Code of Conduct
The Law Society of Ireland as the regulator of the solicitor’s profession has published a Guide to Professional Conduct of Solicitors based on accepted principles of good practice, policy and recommendation.
It is likely that the establishment of an independent regulator will lead to a more formal code of conduct. However, it is likely to be based on the principles of the existing Law Society code.
Failure by a solicitor to follow the rules may have statutory or disciplinary consequences. Breach of some of the rules may constitute a criminal offence.
Misconduct is defined in the Solicitors Act as the commission of serious offences. The contravention of the Solicitors Acts and regulations thereunder and certain other conduct tending to bring the solicitor’s profession into disrepute.
A finding of misconduct may result in sanctions being imposed on the solicitor by the Solicitors Disciplinary Tribunal or the High Court. See the sections on the procedure under the Solicitors Acts and under the newer Legal Services Regulation Act.
Former Disciplinary Provisions
Solicitors may be disciplined directly by the courts because of their role as officers of the court. The jurisdiction is exercised summarily under a short form procedure. However, because it impacts upon the livelihood and good name, the solicitors entitled to proper opportunity to present his case and defend himself.
The Solicitor Disciplinary Tribunal consisted of a mixture of solicitors and non-solicitors appointed to represent the public interest. They were appointed for five year term. There were two divisions comprising three members. Each consisted of two solicitor members and a lawyer. The LSRA now undertake disciplinary matters.
Misconduct on the part of the solicitor may include commission of an offence, contravention of the solicitor’s legislation or orders under it. or conduct tending to bring the solicitor’s profession into disrepute.
A Disciplinary Tribunal considers first whether there is a prima facie case. If none, no further action is taken. If there is a prima facie case, a right of appeal is available to the solicitor. If there is a prima facie case into alleged misconduct, an enquiry must be held.
Solicitor must be given notice of the enquiry and is entitled to natural justice. He may make an answer and give supporting evidence. He is entitled to fair procedures. The standard of proof will depend on the seriousness of the matter concerned. The more serious the matter, the higher the onus of proof required.
If there is no misconduct, this is the end of the matter. If there is a finding of misconduct which has not been answered satisfactorily a report is prepared and an application is brought to the High Court.
The Disciplinary Tribunal had power to summon witnesses, require discovery of evidence, ask questions on oath, require production of documents, et cetera. The Tribunal may regulate its own procedure but is bound to accord fair procedures and natural justice.
An application to the High Court, was required if the sanctions available to the Tribunal itself are sufficient. The Tribunal has power to censure and admonish and direct payments (not exceeding €6250). Direct payments by way of restitution to aggrieved parties subject to the above limits. It may direct the whole or part of the costs of the Society and persons appearing to be paid by the person concerned.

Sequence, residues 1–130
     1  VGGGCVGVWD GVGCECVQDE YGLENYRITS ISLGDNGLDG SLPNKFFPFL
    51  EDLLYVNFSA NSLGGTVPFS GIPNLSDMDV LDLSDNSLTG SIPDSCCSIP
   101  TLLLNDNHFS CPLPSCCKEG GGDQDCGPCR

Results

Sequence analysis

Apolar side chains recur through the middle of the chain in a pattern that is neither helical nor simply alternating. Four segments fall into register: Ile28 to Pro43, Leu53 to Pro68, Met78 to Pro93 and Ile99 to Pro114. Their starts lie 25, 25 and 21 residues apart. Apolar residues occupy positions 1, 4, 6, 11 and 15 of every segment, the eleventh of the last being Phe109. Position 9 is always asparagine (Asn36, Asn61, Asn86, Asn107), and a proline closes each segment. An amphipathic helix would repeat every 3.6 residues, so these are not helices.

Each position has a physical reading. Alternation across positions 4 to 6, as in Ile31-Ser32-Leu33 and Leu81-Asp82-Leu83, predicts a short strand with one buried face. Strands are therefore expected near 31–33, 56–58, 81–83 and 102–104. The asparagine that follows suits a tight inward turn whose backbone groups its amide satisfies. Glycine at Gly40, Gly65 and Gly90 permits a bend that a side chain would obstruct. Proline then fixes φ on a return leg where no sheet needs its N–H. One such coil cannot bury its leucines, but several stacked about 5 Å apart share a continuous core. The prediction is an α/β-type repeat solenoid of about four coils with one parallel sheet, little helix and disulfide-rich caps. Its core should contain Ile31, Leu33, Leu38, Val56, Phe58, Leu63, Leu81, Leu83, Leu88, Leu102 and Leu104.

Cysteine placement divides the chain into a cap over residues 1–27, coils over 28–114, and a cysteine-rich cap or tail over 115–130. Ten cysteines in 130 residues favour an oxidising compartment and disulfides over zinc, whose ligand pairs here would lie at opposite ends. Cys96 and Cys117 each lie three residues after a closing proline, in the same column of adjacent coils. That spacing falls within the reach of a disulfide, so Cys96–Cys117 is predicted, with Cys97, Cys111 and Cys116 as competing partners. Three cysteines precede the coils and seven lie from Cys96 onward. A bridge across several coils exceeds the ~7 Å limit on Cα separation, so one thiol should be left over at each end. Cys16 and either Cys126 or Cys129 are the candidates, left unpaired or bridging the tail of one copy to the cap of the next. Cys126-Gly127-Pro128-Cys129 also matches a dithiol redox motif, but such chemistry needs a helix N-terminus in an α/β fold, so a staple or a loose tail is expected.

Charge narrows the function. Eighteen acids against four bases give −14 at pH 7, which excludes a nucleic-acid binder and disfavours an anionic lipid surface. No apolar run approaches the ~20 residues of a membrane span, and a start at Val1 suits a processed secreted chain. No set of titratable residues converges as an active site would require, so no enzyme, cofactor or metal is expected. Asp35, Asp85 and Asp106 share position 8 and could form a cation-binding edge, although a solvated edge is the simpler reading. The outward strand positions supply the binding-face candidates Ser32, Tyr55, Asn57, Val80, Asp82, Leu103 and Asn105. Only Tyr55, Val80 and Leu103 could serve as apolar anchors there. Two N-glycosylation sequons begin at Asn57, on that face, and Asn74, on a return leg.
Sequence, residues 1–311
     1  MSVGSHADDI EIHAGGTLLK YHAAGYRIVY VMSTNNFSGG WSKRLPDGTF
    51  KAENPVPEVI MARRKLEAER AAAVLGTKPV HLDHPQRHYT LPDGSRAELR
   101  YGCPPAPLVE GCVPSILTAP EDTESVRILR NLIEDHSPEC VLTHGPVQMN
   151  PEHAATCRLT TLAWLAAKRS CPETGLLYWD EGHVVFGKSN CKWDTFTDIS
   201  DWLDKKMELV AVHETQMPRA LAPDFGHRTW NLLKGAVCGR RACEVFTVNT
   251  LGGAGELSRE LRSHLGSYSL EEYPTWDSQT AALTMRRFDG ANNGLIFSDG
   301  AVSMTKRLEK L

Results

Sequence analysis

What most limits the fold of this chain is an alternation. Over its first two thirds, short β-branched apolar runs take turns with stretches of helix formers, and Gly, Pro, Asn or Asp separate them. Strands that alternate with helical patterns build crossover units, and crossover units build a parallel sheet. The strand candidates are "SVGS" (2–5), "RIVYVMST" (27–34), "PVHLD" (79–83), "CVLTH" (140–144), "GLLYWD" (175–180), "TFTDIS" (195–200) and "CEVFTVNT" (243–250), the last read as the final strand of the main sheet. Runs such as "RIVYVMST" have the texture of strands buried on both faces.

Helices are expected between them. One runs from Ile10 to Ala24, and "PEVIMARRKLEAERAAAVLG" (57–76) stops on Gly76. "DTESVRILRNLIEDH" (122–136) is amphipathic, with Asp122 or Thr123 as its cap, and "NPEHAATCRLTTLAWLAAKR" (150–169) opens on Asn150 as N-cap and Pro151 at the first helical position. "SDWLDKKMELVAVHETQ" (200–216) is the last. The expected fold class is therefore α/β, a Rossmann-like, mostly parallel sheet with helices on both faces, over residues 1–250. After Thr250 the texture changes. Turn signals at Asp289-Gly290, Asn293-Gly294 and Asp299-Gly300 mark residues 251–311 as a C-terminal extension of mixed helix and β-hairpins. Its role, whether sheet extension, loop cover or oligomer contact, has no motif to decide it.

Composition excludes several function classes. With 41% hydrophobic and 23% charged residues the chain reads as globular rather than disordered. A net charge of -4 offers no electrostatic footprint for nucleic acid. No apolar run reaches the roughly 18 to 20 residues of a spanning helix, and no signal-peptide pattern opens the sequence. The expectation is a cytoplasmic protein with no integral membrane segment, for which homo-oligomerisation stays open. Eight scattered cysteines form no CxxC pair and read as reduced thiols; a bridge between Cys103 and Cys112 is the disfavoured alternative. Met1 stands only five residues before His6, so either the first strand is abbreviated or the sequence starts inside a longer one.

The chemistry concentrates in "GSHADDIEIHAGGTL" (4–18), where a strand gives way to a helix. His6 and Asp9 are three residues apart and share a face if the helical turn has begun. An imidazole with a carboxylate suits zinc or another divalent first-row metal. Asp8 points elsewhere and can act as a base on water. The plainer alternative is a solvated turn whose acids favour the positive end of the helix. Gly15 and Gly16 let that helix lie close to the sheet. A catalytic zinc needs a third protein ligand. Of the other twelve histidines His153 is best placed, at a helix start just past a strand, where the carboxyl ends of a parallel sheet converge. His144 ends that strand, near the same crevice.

The Law Society publishes orders made by the disciplinary tribunal.
High Court Criteria
Where the question turns on the fitness of the person for practice the matter will be referred to the High Court. The High Court on considering the report may
- strike off the solicitor,
- suspend him from practice,
- prohibit him practicing at its own account or for a period
- restrict him from practising in a particular area of work
- censure him and require payment of a penalty.
The High Court orders are published.
The High court may consider the entire circumstances and may mitigate sanctions. It may require the solicitor to make restitution to an aggrieved party. It may make orders as to the cost of the proceedings.
Less Serious Complaints
The Law Society may investigate complaints on a number of bases short of misconduct. Where a complaint is made that fees charged are excessive, it must investigate the matter. If it so finds, it may direct the solicitor to refund or waive part of the costs. This is the case even if there is a valid contract in place in relation to the fee. The application can be made even outside the time when the application for taxation expires.
Complaints to the Law Society operates as a bar on legal proceedings until the complaint has been dealt with. The complainant may apply to court to proceed notwithstanding. An application can be made on the basis that services were inadequate in a material respect or not of the quality which could reasonably be expected. The Law Society must satisfy itself and in this case and the case of excessive fees that the complaint is not frivolous or vexatious.
The Law Society seeks to resolve the matter by agreement. Ultimately it may make a determination or direction if this is not possible. This remedy is in addition to civil claims for breach of contract or negligence by client against the solicitor.
Where the complaint is justified, it may direct the solicitor to take action as it directs. It may determine the issue of costs.